Making a Brentrance

In the words of Russ Abbot, “I love a party with a happy atmosphere”. But in a parallel, monochrome universe, the ‘Atmosphere’ playing on a crackly radio is the considerably less cheery tune of the same name by Mancunian post-punks Joy Division.

I’m reminded that it is nearly 36 years since that band’s singer, Ian Curtis, died, which immediately had me totting up the aeons on my fingers.

Although, you know you’re getting old when… pop stars start looking younger than Harry Styles, all the tunes sound the same (see: Harry Styles), and you start writing columns harking back to the days when pop music was pop music.

Happily, this weekend, the perfect antidote to all the Brexit shenenigans – Eurovision! Although Boris Johnson may be well pleased as those pesky foreigners rekindle memories of the Cold War as the usual voting patterns emerge (though recently it seems that even foes like Russia and Ukraine or Turkey and Cyprus unite, for one night only, to vote the UK into last place).

However, it does send us down another alleyway of dark nostalgia… whatever happened to those glory days when pop was simple – ‘Waterloo’ and ‘Puppet On a String’, Lulu and Buck’s Fizz?

Sadly, it seems that the days when British songwriters could inject saccharine pop straight into European hearts are long gone. There have been calls for proper songwriters to take over the UK entry – in fact, Morrissey once volunteered his services. Not this weekend in Stockholm though, as National Vegetarian Week approaches, and a smorgasbord of raw fish is available in the foyer. Instead, chipper chaps Joe and Jake (pictured), for whom a career surely awaits as kids’ TV presenters, will carry the UK’s hopes and dreams.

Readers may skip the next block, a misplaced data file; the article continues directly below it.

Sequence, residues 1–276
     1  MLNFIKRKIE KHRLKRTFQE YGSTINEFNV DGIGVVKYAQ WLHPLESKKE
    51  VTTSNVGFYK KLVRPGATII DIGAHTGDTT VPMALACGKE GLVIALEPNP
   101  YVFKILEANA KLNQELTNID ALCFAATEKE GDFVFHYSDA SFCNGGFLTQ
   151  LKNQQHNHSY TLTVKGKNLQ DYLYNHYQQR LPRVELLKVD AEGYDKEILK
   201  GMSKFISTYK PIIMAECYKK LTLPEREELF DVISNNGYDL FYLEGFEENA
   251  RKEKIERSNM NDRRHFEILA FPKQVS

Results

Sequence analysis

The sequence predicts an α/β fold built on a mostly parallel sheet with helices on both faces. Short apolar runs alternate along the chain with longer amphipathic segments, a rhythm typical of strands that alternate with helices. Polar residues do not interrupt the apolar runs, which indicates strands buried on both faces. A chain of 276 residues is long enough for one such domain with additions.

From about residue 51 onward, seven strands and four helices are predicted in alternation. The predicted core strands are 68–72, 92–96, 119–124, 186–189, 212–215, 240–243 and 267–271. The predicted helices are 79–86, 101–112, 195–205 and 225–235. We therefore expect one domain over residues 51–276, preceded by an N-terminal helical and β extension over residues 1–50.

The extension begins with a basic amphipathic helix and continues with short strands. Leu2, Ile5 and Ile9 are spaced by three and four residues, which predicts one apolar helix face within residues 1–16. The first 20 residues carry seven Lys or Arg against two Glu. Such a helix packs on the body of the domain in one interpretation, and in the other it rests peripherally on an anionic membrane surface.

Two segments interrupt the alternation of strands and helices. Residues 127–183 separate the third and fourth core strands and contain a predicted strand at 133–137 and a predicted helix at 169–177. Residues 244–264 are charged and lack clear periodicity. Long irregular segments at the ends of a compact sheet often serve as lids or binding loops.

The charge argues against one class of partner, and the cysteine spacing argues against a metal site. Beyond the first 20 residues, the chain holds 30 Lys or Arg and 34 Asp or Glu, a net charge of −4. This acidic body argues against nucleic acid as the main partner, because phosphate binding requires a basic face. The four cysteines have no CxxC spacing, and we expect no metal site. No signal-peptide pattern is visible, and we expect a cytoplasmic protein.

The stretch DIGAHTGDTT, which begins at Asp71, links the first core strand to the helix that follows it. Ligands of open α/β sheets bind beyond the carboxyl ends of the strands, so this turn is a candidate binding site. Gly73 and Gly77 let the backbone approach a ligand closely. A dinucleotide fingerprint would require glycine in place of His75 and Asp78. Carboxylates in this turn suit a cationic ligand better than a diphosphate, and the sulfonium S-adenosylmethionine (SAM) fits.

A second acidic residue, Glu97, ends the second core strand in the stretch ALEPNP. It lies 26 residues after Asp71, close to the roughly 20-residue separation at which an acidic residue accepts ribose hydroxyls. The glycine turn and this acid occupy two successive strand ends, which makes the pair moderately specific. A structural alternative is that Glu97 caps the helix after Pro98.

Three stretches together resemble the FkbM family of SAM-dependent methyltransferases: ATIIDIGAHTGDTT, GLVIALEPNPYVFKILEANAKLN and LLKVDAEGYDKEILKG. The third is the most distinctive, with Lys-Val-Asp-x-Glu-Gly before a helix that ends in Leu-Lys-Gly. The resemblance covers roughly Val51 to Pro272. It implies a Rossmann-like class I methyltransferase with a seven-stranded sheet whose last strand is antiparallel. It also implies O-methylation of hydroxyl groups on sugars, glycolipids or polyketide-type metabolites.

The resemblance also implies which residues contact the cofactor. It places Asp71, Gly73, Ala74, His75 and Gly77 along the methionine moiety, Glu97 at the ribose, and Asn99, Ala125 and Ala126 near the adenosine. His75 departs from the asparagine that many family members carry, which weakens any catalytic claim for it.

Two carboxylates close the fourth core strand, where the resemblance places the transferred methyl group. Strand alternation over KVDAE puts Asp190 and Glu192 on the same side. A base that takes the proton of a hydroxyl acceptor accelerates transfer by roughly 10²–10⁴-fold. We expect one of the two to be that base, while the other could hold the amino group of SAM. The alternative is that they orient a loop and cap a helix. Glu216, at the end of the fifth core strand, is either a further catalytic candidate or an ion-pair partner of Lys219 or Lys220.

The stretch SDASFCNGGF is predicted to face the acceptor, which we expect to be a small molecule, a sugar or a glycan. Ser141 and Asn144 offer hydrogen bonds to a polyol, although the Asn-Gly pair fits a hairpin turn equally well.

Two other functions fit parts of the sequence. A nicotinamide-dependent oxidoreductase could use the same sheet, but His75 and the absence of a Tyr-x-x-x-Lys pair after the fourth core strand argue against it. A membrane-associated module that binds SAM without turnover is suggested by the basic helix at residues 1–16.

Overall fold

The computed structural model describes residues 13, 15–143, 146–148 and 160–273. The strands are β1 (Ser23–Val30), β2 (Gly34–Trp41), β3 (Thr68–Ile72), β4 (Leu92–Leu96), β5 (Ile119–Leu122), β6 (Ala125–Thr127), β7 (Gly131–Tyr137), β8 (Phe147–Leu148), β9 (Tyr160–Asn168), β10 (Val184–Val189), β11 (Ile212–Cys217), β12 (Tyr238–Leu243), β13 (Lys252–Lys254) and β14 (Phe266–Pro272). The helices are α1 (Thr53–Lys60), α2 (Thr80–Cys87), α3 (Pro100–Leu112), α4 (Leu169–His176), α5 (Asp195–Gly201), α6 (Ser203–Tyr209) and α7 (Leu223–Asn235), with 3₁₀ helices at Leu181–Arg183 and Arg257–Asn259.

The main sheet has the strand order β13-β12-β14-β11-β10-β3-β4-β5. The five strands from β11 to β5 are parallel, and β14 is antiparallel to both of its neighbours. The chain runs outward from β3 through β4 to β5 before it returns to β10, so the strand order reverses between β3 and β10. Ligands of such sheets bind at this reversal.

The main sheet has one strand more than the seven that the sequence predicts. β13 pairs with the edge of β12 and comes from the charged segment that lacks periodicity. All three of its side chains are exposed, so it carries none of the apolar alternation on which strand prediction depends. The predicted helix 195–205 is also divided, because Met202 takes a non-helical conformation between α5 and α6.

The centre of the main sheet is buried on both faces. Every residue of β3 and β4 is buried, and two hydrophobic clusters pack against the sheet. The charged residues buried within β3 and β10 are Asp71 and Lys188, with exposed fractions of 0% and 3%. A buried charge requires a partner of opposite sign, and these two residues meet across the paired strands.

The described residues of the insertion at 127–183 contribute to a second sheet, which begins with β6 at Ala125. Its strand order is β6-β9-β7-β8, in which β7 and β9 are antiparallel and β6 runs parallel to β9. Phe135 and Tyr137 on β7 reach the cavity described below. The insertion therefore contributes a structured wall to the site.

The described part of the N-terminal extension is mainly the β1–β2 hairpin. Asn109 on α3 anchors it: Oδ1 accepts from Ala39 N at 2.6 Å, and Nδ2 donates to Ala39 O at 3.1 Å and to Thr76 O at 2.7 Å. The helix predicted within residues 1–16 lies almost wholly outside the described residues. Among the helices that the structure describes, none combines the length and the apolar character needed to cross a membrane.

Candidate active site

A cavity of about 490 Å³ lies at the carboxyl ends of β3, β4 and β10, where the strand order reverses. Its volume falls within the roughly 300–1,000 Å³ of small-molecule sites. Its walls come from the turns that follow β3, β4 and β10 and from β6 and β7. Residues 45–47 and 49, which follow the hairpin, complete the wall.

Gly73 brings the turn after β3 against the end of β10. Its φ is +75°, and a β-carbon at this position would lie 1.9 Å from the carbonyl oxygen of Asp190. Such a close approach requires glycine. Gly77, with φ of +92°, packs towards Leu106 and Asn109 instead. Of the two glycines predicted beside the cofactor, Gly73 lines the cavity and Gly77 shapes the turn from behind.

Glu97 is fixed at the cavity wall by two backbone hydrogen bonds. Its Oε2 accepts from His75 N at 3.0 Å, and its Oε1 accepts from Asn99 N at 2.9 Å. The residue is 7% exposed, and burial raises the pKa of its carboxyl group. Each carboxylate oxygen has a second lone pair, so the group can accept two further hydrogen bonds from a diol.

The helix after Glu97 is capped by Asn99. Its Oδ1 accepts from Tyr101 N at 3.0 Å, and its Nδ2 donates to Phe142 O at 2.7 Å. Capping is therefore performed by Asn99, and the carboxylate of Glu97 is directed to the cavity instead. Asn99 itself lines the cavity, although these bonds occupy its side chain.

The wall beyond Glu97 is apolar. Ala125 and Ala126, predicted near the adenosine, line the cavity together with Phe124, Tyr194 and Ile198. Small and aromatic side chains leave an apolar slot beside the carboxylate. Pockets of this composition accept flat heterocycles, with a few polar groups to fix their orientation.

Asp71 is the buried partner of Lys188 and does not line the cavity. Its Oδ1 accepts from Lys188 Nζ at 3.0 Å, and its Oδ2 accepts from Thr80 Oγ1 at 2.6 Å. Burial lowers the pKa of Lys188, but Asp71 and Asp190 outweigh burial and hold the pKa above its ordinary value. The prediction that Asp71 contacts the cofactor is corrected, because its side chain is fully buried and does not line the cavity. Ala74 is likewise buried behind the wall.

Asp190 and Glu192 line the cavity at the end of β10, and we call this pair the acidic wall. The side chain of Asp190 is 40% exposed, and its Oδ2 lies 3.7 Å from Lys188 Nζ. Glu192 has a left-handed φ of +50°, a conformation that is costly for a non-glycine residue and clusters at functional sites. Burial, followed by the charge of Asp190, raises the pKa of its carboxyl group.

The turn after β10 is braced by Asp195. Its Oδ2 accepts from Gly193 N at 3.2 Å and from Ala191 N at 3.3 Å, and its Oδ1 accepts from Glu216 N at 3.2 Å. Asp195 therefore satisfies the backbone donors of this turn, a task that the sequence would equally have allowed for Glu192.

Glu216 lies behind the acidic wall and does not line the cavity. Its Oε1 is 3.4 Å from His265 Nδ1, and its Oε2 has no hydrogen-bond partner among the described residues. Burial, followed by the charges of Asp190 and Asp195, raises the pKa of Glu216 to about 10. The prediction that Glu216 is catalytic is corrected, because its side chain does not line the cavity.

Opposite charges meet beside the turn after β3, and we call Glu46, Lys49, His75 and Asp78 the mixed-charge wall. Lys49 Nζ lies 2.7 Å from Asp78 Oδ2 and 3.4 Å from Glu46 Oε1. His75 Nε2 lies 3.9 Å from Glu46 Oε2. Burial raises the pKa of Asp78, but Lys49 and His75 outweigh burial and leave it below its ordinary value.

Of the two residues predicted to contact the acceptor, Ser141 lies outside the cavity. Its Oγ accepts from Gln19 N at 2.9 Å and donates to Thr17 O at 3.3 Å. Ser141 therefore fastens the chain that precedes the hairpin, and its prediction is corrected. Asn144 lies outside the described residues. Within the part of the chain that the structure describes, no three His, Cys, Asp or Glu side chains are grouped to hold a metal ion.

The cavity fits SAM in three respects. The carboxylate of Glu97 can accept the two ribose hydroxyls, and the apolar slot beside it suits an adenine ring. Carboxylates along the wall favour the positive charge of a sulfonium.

For a while the contest seems to have been plagued by desperate attempts to lose – Ireland winning and thus hosting the final six times in 16 years doing more harm to their economy than the early noughties property bubble. Although it did spawn the ‘My Lovely Horse’ episode of Father Ted.

Finland took things to extremes with Lordi’s ‘Hard Rock Hallelujah’, which inevitably won, but that’s the last time I saw the contest, merely catching up on bearded hipster Conchita and the Polish milkmaids on news programmes and YouTube. Although last year the Finns again pushed the boundaries – with an 85-second tune by PKN, which featured members with autism and Down’s syndrome.

That wasn’t the most unlikely feature of last year’s event in Vienna, however. Australia took part – not a typo; rather, we assume, a desperate attempt to garner ex-pat votes for the UK. This time round the event will be beamed live to the USA, and Justin Timberlake is to form the half-time entertainment.

Last year, just pre-contest, we were met by the news that Rutger Gunnarsson, who played bass on every Abba album and tour, passed away. This year, in his home country, another dark cloud has been cast over the party with the departure of stalwart host Terry Wogan for that great studio in the sky. Recently replaced by an even-more grizzled Irish broadcaster (Graham Norton in a bushy grey beard), we’re also lacking Nigella Lawson doing the results, unlike last year when she made “Royaume-Uni nil points” sound as seductive as her recipe for spotted dick.

The campaign for Russ Abbot to represent the UK in 2017 starts here.

HELEN LOVE
Smash Hits
A twee, indiepop legend, Welsh singer Helen Love has garnered cult status for her ineffably perky, bubblegum pop. If the Ramones came from the valleys rather than Forest Hills, they might have sounded a bit like this – ok, with a local girl on vocals, and guitars and drums replaced by Fisher Price rhythm units and plinky plonk keyboards. Which may sound like sacrilege or just plain daft but in fact it’s pure unadulterated fun as she pinches lyrics from everyone from Chic and Johnny Dynell to the A-Teens. Rattling along at a relentless 100 mph, there’s even a high-octane cover of Prince / Sheila E’s ‘The Belle of St Mark’, while there’s another of her constant Ramones nods with the battle cry of “Hey Ho Let’s Go” on ‘No Hit Radio’. Which, if it’s the only source of airplay for this cheerfully chirpy release, would be a great injustice. HHHHH

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